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OAK@SEA: Hernandez fans 11 over seven shutout innings

SEATTLE -- Safeco Field's first "Supreme Court" of 2014 returned its verdict on Friday night, and the decision was unanimously in favor of Felix Hernandez as the Mariners topped the A's, 6-4.

The Mariners continued their tradition of expanding the normal "King's Court" section for Hernandez's starts at Safeco into a stadium-wide celebration of yellow-shirted fans waving "K" cards for his first home appearance of the season, and they had plenty to cheer for as The King struck out 11 in a dominating four-hit, two-run performance over seven-plus frames.

A crowd of 38,968 enjoyed the festivities -- which included three hits by Dustin Ackley and home runs by Brad Miller and catcher Mike Zunino -- and Hernandez delivered one of his gems as the Mariners improved to 6-3, tying for the third-best record after nine games in franchise history.

"The crowd was awesome," Hernandez said. "It was unbelievable. It was really good. I had to throw a good game. There were a lot of people here. If you throw a bad game, it's not gonna be good."

But Hernandez was good again, as he has been in all three of his starts this year. The 28-year-old ace has half of his team's victories, with a 3-0 record and 2.11 ERA. It is the first time in Hernandez's 10-year Major League career that he has won his first three starts, and he is now 17-7 with a 2.60 ERA in 31 career outings against the A's.

He has already beaten the A's twice this season, allowing three runs and 10 hits with one walk and 19 strikeouts over 15 1/3 innings.

"He was getting a low fastball for a strike, which makes him doubly effective," Oakland manager Bob Melvin said. "He's getting the bottom of the zone, now he throws the changeup off of that. He was throwing some changeups at 90 mph today, with a 94-mph fastball. He was really good again. You just try to hold on and wear him out and get him out of the game and try to beat somebody else."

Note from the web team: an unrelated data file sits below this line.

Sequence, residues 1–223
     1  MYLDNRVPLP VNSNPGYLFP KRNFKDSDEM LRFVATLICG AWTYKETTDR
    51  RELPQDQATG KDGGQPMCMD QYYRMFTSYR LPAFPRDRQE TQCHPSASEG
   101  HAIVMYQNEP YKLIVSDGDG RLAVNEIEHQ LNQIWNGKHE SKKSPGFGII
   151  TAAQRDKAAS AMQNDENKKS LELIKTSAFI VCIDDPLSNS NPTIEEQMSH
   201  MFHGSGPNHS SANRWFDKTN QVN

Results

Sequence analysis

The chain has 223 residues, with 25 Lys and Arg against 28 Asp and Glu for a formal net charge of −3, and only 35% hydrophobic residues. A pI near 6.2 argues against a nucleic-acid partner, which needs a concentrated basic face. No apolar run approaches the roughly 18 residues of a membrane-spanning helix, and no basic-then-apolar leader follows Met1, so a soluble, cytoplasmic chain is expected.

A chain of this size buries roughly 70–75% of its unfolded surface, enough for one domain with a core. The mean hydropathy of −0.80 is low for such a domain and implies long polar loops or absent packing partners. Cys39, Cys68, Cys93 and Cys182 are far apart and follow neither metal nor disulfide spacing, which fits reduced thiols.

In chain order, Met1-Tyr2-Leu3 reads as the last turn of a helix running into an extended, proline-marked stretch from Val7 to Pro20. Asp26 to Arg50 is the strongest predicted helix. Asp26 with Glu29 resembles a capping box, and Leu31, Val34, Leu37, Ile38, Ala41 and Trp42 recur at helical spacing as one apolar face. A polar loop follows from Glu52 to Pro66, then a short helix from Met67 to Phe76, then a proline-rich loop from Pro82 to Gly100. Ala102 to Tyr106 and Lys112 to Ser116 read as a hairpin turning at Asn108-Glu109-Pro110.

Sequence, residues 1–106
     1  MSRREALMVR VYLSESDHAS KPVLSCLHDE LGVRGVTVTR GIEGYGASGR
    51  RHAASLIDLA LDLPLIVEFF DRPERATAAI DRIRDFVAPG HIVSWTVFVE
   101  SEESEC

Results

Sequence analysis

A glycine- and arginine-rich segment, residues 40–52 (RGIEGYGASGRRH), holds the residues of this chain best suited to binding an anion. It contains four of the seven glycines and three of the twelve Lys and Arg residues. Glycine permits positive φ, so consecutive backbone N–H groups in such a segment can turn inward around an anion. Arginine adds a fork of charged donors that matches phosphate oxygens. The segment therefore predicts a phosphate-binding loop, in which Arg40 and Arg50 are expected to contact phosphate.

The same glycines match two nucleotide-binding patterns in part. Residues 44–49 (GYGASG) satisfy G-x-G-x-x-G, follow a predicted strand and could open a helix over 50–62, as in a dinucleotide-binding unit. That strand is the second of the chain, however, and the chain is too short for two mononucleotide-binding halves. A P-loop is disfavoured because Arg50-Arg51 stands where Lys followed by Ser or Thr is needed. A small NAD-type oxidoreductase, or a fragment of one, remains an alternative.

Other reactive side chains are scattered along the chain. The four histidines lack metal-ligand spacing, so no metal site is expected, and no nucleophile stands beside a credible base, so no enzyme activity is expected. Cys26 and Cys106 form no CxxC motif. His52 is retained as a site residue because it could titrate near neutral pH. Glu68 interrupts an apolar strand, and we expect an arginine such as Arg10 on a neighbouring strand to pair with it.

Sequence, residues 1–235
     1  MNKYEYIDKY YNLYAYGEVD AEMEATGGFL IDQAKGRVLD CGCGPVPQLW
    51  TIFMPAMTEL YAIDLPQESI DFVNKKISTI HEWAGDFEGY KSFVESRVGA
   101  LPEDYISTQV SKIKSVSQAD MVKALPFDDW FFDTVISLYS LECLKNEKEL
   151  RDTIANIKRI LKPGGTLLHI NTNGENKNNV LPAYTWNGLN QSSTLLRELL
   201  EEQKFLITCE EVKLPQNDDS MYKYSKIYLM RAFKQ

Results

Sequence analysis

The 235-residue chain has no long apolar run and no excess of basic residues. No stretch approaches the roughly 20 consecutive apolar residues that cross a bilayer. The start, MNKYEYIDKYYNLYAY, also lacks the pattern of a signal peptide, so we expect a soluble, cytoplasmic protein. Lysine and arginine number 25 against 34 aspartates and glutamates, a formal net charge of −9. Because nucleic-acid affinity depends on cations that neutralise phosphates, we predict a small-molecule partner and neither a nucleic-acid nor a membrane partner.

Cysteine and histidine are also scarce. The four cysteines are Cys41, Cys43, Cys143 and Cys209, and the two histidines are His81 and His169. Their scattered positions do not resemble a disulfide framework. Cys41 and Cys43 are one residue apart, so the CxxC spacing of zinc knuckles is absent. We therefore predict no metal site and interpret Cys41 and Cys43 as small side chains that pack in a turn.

Seattle now sits half a game ahead of the 6-4 A's atop the early American League West standings heading into Saturday evening's middle game in the weekend series.

Hernandez on Friday evening didn't give up a hit until one out into the fourth, never walked a batter and reached double-digit strikeouts for the 28th time in his career and second this season. His 25 starts with 10-plus strikeouts since the start of the 2009 season are the second most in baseball during that span, behind only Cliff Lee's 26.

"I was able to catch him a handful of times last year and some this spring, but this is the best I've seen him look," catcher Mike Zunino said. "Just with all his stuff and his stamina on the mound. It just seems like he's getting stronger. Hopefully we can keep that up and build on that throughout the year."

Oakland didn't touch Hernandez until the eighth, when he hit Daric Barton and gave up a single to Eric Sogard. Manager Lloyd McClendon went to his bullpen with Hernandez at 104 pitches, and both his runners scored after relievers Lucas Luetge, Danny Farquhar and Charlie Furbush came on and split two walks, a single and a wild pitch among them as the A's cut the lead to 6-4.

New closer Fernando Rodney came on in the ninth for his third save, overcoming a leadoff double to pinch-hitter John Jaso by recording a groundout and two strikeouts to send the crowd home happy.

The Mariners jumped out early against A's lefty Tommy Milone with three hits and a run on his first three pitches.

Abraham Almonte led off with a double, moved to third on Miller's perfect drag-bunt single and then scored when Robinson Cano laced a hard grounder that Barton couldn't field cleanly at first base. Cano was 2-for-4 on the day and is batting .324.

That quick start set a welcome tone after the Mariners had managed just one hit in Wednesday's 2-0 loss to the Angels.

"Obviously Felix is the great equalizer when we've got him out there," Miller said. "But yeah, Abe hops on the first pitch, and we get something going. We put the pressure on him a little bit, and that was huge, coming out swinging like that."

Seattle took advantage of two infield errors in the fourth to add two unearned runs for a 3-0 lead, helped by an Ackley double and Zunino base hit.

But they brought out the power in the sixth as Zunino ended Milone's night with a two-run shot to left for his second homer of the year, and Miller followed with a solo blast off reliever Drew Pomeranz for his third long ball in 2014, tying Corey Hart for the team lead.

Miller's shot carried 406 feet, an impressive poke to dead center that carried on a chilly night.

"Chicken Man's got pretty good power," McClendon said. "When they make mistakes, he can really hit a ball pretty good. That really didn't surprise me. I've seen him do it in the spring, and I saw him do it in Anaheim on a cold night, so it didn't really surprise me."

The young shortstop will take the nickname and the home run, which carried over center fielder Sam Fuld's head.

"I think that was all I had," Miller said. "I was just hoping Fuld wasn't going to go up and take that one back in. But yeah, I guess the Chicken Man is my name now. That's fine. That's totally fine."

Ackley went 3-for-4 with a double and two runs scored to pace Seattle's 12-hit night, and he became the first Mariner with a three-hit game this year as he raised his average to .286.

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